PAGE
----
Steve describes other contributors that may have increased test scores over the years, for instance, eliminating practices that used to depress test scores previously, such as “…telling students that the tests don’t matter or having students test too long each day.” Also playing a role is the heightened awareness on the part of parents, students, teachers, etc. about the importance of these tests. Additionally, teachers are better able to prepare the students for the tests because they are more familiar with the format and content of the tests. And of course, textbooks are also better aligned to the tests.

Steve’s concluding opinion is that “… most of the improvement in test scores is artificial, based on changes in how components of the tests are weighted and not real improvements in students’ knowledge…” and adds, “… the jury is still out on the question of whether some of it reflects real improvement.”

As far as OUSD subgroups go, he wonders if “… some of the gains for Hispanics and Asians represent a decrease in the percentage of students in those groups who are recent immigrants.”

As far as the smaller gains for African American students, noticing that this group had the biggest drop in enrollment between 2002 and 2007, Steve suggests the likelihood that a set of African American families with higher incomes removed their children from OUSD by moving out of Oakland during this time and adds, “If you remove some of the highest performers from any group, that group’s scores will suffer.” The inverse would be true, too, and is one indisputable rationale that solidly counters the fantastic claims of certain charter schools. The frank discussion of this factor is too frequently avoided.

So who knows where things stand after all? If we're going to fixate and judge schools by numbers that supposedly reflect gains, or stagnation, in student performance, wouldn't it be nice if more of the subtle factors that influence these numbers were objectively presented in reports to the public?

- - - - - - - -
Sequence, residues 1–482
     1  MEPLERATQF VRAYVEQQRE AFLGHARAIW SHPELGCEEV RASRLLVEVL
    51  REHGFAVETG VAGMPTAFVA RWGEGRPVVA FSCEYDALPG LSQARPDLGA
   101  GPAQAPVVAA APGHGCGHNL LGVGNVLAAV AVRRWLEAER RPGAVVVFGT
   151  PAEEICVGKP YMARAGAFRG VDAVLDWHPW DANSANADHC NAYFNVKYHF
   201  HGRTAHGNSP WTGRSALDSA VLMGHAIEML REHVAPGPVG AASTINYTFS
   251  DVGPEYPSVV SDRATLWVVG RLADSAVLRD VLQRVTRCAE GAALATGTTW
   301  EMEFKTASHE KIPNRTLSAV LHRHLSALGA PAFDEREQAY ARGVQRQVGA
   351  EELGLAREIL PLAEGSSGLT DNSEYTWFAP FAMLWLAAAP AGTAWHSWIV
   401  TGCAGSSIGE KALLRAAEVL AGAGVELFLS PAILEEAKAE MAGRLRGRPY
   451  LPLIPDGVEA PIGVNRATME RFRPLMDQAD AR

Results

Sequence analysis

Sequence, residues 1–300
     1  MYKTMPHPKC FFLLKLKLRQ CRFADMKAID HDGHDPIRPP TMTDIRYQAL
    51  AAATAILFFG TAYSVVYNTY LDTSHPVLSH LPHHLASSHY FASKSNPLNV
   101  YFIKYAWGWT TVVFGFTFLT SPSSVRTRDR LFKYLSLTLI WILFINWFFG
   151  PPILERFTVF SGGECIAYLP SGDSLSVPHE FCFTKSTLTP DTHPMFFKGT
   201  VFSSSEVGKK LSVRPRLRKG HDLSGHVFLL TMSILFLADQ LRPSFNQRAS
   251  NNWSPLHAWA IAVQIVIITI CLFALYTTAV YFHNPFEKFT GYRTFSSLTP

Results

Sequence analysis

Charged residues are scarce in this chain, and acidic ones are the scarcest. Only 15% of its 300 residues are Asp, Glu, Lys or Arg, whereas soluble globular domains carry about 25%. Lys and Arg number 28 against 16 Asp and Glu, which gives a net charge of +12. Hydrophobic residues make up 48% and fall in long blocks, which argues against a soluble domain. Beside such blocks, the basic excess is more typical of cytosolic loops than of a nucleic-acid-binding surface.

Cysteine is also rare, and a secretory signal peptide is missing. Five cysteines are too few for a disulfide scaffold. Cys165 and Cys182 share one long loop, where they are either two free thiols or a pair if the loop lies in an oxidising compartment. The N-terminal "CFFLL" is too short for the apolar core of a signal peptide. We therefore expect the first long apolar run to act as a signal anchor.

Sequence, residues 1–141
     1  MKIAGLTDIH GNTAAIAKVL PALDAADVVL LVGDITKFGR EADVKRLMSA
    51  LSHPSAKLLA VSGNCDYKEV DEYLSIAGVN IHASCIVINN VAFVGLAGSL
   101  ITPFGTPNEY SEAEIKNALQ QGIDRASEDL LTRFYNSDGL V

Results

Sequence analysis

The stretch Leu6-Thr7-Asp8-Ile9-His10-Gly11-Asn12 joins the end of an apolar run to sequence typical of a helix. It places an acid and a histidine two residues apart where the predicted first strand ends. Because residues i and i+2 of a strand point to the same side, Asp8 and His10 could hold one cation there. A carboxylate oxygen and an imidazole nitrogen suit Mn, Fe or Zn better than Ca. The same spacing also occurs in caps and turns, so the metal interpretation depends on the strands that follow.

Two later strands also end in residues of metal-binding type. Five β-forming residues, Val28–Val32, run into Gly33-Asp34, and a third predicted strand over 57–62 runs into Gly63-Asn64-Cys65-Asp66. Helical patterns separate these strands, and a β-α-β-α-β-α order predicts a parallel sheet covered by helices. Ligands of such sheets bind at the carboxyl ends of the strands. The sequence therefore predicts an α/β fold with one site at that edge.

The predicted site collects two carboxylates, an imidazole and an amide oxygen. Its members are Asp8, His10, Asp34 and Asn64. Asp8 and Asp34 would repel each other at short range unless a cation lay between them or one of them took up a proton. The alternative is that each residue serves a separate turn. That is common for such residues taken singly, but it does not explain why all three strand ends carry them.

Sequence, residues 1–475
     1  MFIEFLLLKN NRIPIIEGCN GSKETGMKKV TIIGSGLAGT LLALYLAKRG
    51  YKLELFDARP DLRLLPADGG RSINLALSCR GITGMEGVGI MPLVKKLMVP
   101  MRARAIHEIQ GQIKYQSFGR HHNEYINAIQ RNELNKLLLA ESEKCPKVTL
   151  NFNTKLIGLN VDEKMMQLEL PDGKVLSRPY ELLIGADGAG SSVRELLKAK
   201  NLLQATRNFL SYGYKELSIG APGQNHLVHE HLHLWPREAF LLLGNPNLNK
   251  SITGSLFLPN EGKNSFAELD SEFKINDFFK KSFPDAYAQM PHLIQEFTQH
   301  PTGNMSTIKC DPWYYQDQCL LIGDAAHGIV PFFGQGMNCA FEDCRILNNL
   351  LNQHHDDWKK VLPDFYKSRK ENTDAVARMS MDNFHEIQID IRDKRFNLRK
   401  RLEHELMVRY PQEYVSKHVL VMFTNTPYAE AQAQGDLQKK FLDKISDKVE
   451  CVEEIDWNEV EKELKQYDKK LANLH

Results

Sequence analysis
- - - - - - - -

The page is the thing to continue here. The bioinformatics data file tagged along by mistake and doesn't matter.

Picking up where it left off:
¹ The figures are on pages 11 and 12. Read the report at http://public.ousd.k12.ca.us/docs/13668.pdf.

² “Who would have guessed?” Perimeter Primate posting (May 11, 2008)

³ Comment #23 on The Education Report, entry for May 13, 2008, “The elephant in the race.” http://www.ibabuzz.com/education/2008/05/13/the-elephant-in-the-race/

1 comment:


My fundamental problem with the API and the testing in general is that the dynamics are flawed to start with. Using a multiple choice model (STAR) as a basis for any kind of measurement is a flawed concept; the test does not determine content knowledge - at nest it determine content recognition and good guessing skills (since 2 of the 5 options are just plain stupid,anyway) and yet it has become the standard by which to determine success or failure. Even the test creators have publicly acknowledged the failure of STAR in being used as the yardstick.

If you went to a foreign country, was given a multiple choice test and scored well, it does not imply you know anything. It is far time NCLB and the whole pathetic process by which it became a political tool, was put to rest. Our students are not succeeding because the testing mentality has so polluted the educational waters that rich content, diversity and firing up the minds of students has been replaced by mediocrity and a fear of being fingered as being inept.